Gary Peterson likes living in the renovated Orness Plaza. He likes the central air, the new appliances, the bigger closets. He likes playing pool in the game room and exercising in the new fitness room.

The five-year resident has always enjoyed watching baseball at Franklin Rogers Park out of his seventh-floor window. And the new windows have tighter seals, so they don’t leave rooms drafty in the winter.

The average age of Orness Plaza residents is 74, and four-year resident Cheryl Rader acknowledges that some residents complain about the new-ness.

“When we get older, we don’t like change,” she said.

Smoking was banned from Orness Plaza along with the renovation, but Rader said some people continue to smoke in their rooms.

To her, the new Orness is a wonder.

“I just love it here,” she said.

Former Vice President Walter Mondale, who spoke at the dedication of Orness Plaza in 1971, said at Friday’s dedication, “I’m here to make a commitment to you. I’ll come here every 41 years.”

Decades ago, he said, cities had no places for the elderly to live. Starting in the 1960s, the federal government started to help.

We saw firsthand, he said, “how much it meant to them to have a decent, affordable place to live and have friends.”  

“And it’s worked,” he said.

Orness Plaza has 101 units, of which all but three are one-bedroom, and is owned by the city. Residents’ rent is based on their income, which in this case means they pay 30 percent of their income as rent.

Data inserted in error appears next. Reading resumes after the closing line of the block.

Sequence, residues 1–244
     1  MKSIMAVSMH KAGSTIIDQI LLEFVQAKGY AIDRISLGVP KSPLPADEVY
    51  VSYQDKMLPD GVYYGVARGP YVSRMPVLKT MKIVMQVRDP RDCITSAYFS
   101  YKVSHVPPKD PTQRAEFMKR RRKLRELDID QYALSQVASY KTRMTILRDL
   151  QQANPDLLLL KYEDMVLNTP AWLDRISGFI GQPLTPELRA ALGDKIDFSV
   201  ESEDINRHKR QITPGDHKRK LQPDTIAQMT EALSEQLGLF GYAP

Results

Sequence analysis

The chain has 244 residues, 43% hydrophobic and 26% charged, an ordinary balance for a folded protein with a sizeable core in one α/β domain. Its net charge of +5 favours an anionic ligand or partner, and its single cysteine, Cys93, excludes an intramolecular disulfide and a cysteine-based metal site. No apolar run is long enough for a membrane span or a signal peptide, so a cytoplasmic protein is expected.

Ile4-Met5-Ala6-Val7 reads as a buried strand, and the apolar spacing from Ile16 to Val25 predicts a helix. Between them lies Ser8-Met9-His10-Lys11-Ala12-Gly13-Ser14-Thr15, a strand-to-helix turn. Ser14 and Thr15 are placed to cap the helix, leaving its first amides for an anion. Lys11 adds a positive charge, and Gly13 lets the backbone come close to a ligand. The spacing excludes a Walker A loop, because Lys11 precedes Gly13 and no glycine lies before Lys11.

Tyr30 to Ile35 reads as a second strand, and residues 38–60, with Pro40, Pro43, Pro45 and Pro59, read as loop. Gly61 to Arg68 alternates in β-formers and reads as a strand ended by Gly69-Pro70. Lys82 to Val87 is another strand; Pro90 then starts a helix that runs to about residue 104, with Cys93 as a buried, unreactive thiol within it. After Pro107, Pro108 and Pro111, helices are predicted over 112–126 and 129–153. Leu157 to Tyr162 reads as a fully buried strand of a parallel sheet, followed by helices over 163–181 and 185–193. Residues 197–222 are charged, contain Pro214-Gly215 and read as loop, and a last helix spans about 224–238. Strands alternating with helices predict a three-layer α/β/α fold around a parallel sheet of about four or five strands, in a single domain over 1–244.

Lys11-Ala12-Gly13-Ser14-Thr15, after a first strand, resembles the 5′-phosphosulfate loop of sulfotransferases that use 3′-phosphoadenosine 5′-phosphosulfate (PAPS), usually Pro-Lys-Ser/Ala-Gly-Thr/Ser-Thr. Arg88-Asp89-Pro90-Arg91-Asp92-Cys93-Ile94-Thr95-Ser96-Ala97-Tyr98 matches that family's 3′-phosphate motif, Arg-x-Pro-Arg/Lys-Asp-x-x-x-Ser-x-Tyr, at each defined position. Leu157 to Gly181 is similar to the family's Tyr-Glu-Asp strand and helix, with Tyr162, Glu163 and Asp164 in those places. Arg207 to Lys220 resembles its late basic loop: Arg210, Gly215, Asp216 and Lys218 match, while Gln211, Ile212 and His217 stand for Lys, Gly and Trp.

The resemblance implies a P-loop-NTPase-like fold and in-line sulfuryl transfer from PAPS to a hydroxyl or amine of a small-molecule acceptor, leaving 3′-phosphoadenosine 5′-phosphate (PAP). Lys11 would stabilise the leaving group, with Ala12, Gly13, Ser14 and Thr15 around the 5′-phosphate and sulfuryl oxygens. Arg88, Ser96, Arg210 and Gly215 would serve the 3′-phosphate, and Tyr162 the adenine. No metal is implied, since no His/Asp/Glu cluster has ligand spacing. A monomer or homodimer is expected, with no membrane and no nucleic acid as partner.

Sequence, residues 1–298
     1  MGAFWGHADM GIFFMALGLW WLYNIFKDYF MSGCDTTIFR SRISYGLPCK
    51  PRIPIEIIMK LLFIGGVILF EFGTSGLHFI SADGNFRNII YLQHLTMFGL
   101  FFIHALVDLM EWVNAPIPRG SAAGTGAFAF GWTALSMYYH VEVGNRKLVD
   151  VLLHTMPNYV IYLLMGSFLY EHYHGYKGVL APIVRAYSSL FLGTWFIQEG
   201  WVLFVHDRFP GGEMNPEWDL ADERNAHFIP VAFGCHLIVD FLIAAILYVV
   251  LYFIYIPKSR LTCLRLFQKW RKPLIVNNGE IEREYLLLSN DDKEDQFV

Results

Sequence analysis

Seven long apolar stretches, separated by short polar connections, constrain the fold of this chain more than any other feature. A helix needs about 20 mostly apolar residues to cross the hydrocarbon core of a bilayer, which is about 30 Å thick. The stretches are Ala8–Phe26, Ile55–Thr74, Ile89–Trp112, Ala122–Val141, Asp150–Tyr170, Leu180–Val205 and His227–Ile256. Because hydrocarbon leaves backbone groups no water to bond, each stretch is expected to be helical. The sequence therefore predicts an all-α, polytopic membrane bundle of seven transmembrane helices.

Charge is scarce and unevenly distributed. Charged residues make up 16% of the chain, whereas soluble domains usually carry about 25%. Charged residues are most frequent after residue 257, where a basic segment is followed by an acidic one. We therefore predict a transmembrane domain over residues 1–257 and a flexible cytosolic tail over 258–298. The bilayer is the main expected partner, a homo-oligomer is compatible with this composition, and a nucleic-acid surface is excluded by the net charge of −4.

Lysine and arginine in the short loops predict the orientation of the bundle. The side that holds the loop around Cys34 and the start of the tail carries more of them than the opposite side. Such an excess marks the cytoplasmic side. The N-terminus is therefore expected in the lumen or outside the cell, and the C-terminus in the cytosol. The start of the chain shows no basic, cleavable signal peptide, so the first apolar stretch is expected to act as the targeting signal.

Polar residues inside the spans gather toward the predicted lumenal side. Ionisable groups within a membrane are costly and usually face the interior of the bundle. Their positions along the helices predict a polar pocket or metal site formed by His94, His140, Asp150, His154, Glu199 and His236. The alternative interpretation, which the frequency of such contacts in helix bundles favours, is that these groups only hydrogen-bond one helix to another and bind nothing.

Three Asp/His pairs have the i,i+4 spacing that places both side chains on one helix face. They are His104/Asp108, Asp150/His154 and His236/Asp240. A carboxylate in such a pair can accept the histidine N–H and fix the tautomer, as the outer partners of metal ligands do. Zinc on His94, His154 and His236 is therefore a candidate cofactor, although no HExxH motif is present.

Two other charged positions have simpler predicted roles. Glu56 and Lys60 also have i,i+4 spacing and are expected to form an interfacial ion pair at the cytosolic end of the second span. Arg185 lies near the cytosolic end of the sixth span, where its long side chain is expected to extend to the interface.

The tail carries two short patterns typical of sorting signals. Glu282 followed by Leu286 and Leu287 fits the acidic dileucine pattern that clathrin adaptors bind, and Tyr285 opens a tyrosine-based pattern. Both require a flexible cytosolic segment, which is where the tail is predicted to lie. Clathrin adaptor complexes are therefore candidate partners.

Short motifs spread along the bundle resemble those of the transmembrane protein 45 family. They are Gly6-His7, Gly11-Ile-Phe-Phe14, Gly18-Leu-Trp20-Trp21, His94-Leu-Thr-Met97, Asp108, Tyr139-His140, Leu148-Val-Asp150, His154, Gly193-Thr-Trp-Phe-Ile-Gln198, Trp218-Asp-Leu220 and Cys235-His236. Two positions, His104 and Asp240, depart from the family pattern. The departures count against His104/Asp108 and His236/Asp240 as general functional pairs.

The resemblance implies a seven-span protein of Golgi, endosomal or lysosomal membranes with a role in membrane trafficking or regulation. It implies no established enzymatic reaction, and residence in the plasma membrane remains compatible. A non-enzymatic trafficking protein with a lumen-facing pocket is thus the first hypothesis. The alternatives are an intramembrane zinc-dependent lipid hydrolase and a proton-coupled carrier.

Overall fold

For Rich Domas, that’s a good deal.

He moved here two months ago, and said he was paying $300 a month before that just for land rent to park his trailer. Now, he doesn’t pay much more than that and everything is included.

“I’m tickled to death I could get in,” he says.

Mondale said he “love(s) the feel,” calling it “a place to live ... and feel good.”

The renovations were funded by a $9.16 million federal stimulus grant.

Orness Plaza is also the site of a first-of-its-kind study that aims to determine if environmentally friendly construction makes the elderly healthier.

David Jacobs, director of research for the National Center for Healthy Housing, is leading the $650,000 study.

The data won’t be in until next year, but he said he believes this sort of construction will cut down on diseases such as asthma, mental health and heart problems.

While there are seven vacancies at Orness Plaza, there is a waiting list 60 names deep. The city is still accepting applications.

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